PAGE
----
Games are important metaphors for Graff. They Say / I Say models a kind of game in its oscillation toward and away from expressionist notions that autonomous voices (the “I says”) are more important to study and live by than are the codes and rules of inhuman systems. The “I say” of the textbook is facilitated by blanks wherein students agree, disagree, or do some combination of both. Anticipating the likely problem that students may not know whether they agree or disagree, Graff and Birkenstein structure that textbook so that they do not introduce “ways of responding” until after exhausting the “arts” of summarizing and quoting. These arts are taught through templates for introducing ongoing debates. Directly evoking Peter Elbow’s “believing game,” an exercise in They Say / I Say instructs students to “inhabit the worldview of those whose conversation you are joining” (29). This is a game that, when played correctly, not only broadens the horizons available for forming one’s own opinion, but also lays out an opposing viewpoint in such a way that a writer can demonstrate her specific point of disagreement.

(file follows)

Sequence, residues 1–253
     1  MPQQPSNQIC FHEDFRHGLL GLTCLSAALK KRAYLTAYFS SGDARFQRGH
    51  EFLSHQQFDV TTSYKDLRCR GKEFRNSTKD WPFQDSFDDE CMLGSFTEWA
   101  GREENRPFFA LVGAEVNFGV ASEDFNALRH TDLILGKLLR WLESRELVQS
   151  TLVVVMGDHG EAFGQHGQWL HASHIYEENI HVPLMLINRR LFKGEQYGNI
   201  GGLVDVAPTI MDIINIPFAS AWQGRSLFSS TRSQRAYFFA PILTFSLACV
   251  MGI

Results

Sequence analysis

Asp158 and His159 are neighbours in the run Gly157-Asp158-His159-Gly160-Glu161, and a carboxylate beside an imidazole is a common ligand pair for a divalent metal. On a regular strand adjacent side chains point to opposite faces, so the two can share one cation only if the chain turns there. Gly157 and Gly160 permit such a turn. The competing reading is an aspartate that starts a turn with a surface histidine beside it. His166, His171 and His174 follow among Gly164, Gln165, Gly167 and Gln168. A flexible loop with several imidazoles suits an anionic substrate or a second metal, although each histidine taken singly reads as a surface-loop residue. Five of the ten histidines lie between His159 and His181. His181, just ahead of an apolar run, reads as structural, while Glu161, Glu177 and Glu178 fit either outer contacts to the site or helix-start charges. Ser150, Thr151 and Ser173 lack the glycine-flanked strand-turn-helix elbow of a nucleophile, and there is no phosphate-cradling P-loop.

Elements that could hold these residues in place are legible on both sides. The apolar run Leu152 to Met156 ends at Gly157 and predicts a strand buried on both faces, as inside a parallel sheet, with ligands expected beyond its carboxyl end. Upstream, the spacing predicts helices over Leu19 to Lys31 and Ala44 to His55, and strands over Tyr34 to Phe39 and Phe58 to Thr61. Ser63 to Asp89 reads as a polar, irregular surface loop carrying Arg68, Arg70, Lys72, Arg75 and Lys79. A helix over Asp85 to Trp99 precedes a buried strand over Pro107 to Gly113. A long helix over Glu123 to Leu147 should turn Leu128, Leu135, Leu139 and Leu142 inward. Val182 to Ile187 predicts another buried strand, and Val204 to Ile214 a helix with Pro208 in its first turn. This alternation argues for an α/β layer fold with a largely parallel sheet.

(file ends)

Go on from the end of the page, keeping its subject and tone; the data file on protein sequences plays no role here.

They Say / I Say claims to affirm the primary importance of traditional rules and manners while also “democratizing” them. Implying that their objective is more “progressive” than “traditionalist,” Graff and Birkenstein seek to hand the means of production over to first-year writers. This Marxist economic language is stretched throughout the textbook. For instance, Graff and Birkenstein refer to summaries as the “joint property” of a writer and her source text (34). Their templates seek to give inexperienced writers the empowered sense of steering complex debates, of not only having a right but also a means to claim their academic rights. According to They Say / I Say, students can build most of a coherent academic argument by simply crafting an effective arrangement of templates. For instance, consider the following arrangement:

In recent discussions of __________, a controversial issue has been whether __________ or __________. On the one hand, one group of observers argues that __________. On this view, __________. As one of the most prominent proponents of this view, __________, puts it, “__________.” On the other hand, another group of observers replies that __________. According to this group, __________. In sum, then, while one group argues __________, another argues __________.